The medical necessity for medicinal cannabis: prospective, observational study evaluating the treatment in cancer patients on supportive or palliative care
Cancer patients using cannabis report better influence from the plant extract than from synthetic products. However, almost all the research conducted to date has been performed with synthetic products. We followed patients with a medicinal cannabis license to evaluate the advantages and side effects of using cannabis by cancer patients. Although studies with a control group are missing, the improvement in symptoms should push the use of cannabis in palliative treatment of oncology patients.
“Cannabinoid” is the collective term for a group of chemical compounds that either are derived from the Cannabis plant, are synthetic analogues, or occur endogenously. Although cannabinoids interact mostly at the level of the currently recognized cannabinoid receptors, they might have cross reactivity, such as at opioid receptors. The use of cannabinoid therapies could be effective in improving quality of life and possibly modifying malignancy by virtue of direct effects and in improving compliance or adherence with disease-modulating treatments such as chemotherapy and radiation therapy.
Neuroblastoma (nbl) is one of the most common solid cancers in children. Prognosis in advanced nbl is still poor despite aggressive multimodality therapy. Furthermore, survivors experience severe long-term multi-organ sequelae. Hence, the identification of new therapeutic strategies is of utmost importance. Our results demonstrate the anti-tumourigenic action of cbd on nbl cells. Because cbd is a non-psychoactive cannabinoid that appears to be devoid of side effects, our results support its exploitation as an effective anticancer drug in the management of nbl.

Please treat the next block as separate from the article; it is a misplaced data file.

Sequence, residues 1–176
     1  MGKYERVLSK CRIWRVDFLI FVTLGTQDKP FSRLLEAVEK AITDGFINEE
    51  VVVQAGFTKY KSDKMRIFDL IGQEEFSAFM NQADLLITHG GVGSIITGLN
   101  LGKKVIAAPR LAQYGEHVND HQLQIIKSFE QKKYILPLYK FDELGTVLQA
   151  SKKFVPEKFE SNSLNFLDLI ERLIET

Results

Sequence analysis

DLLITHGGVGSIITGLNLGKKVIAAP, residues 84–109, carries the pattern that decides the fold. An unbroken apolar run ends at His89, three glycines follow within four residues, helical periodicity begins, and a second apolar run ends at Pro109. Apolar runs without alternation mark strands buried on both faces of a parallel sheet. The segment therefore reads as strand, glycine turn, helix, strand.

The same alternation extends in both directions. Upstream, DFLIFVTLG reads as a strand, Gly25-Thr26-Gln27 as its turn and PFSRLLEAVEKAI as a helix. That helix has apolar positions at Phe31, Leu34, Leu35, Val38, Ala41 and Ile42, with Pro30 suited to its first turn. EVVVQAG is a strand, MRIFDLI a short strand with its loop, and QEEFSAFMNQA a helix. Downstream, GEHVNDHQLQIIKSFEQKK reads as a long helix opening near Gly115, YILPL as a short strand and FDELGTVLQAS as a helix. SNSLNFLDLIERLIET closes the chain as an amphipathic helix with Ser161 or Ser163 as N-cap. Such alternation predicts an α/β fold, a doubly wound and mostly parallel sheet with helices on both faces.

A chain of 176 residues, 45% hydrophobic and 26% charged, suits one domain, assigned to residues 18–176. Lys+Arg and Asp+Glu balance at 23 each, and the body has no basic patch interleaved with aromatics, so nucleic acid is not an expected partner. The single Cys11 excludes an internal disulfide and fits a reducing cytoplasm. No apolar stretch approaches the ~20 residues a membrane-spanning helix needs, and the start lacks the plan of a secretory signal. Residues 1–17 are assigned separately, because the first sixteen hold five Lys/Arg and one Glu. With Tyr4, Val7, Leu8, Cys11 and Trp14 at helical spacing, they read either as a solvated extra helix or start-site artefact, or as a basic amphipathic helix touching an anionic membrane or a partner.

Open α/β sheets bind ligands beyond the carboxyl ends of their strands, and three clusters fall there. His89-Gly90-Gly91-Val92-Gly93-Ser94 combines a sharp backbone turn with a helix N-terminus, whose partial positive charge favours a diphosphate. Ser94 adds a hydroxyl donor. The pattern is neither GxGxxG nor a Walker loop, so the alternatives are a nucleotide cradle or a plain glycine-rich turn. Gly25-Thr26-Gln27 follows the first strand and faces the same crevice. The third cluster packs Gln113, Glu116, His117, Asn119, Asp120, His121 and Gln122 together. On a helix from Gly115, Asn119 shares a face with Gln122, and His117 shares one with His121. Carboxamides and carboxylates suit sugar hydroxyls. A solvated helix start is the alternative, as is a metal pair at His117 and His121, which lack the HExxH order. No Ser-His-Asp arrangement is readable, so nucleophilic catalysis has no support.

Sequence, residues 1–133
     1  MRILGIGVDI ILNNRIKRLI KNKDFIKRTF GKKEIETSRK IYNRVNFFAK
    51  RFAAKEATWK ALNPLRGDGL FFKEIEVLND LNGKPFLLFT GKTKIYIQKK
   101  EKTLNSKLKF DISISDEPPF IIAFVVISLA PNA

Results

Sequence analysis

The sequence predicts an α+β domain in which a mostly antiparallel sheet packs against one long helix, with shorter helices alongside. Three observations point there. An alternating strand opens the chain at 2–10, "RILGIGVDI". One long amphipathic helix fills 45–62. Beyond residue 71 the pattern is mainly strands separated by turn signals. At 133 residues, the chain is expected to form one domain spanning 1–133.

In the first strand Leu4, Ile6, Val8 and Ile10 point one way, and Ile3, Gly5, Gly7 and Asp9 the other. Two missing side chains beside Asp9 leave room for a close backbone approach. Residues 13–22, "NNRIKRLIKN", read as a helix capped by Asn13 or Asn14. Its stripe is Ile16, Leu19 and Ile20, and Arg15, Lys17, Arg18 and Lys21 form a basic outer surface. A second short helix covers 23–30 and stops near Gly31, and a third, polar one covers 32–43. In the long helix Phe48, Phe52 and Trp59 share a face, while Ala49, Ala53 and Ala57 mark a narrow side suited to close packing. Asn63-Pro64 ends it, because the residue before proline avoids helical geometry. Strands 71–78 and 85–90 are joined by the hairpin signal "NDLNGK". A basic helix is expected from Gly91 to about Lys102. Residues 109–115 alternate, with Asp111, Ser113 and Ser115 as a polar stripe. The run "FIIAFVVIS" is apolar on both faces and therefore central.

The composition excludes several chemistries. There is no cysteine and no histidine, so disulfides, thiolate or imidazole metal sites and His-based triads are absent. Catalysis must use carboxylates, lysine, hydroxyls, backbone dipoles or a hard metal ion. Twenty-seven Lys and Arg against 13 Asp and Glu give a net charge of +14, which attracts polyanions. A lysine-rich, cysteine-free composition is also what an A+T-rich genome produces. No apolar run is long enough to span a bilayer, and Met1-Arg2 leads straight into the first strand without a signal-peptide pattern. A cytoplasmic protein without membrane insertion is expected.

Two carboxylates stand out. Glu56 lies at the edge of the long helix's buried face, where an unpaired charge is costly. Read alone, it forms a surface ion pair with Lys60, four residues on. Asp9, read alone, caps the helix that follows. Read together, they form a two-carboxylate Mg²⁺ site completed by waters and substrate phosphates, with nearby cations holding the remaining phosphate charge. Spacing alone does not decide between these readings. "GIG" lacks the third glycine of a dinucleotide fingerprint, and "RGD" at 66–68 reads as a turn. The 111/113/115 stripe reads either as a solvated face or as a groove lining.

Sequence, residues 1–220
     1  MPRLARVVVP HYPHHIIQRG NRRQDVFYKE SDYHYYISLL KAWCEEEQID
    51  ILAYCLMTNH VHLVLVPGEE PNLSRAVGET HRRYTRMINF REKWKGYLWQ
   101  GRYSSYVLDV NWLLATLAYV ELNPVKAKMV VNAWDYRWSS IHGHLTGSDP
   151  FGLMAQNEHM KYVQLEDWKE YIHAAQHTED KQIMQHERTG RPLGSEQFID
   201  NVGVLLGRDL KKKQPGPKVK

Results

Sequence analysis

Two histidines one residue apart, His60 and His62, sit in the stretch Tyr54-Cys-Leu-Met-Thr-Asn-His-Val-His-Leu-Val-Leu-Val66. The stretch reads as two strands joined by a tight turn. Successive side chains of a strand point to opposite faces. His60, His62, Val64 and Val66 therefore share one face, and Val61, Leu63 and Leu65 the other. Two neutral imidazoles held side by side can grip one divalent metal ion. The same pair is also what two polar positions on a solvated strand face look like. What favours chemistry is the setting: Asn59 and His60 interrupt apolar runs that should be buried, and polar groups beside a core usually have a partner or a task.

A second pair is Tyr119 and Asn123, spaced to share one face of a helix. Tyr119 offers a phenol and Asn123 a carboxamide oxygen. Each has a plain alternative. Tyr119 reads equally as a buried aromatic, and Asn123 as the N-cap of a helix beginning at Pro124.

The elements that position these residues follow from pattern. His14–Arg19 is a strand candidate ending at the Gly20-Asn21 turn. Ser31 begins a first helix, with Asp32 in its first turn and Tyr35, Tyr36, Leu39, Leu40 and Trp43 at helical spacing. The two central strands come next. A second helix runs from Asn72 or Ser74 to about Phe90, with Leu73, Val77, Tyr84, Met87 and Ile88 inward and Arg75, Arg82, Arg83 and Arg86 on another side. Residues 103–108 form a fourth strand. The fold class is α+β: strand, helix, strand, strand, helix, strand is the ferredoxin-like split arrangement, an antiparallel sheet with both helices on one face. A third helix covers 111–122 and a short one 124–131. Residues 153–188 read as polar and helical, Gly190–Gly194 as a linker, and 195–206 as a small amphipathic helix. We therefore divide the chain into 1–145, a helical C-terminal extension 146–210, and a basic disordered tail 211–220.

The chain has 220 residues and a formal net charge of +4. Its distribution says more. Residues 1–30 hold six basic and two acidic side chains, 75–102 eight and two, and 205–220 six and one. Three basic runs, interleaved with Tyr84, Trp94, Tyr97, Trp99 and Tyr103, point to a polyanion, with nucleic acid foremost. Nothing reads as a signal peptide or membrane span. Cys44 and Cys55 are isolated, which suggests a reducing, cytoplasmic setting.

Pharmacotherapeutic considerations for use of cannabinoids to relieve pain in patients with malignant diseases
The aim of this review was to assess the efficacy of cannabis preparations for relieving pain in patients with malignant diseases, through a systematic review of randomized controlled trials (RCTs), which were predominantly double-blind trials that compared cannabis preparation to a placebo. The target dose for relieving pain in patients with malignant diseases is most likely about 10 actuations per day, which is about 27 mg tetrahydrocannabinol (THC) and 25 mg cannabidiol (CBD), and the highest approved recommended dose is 12 actuations per day (32 mg THC/30 mg CBD). Further large studies of cannabinoids in homogeneous populations are required.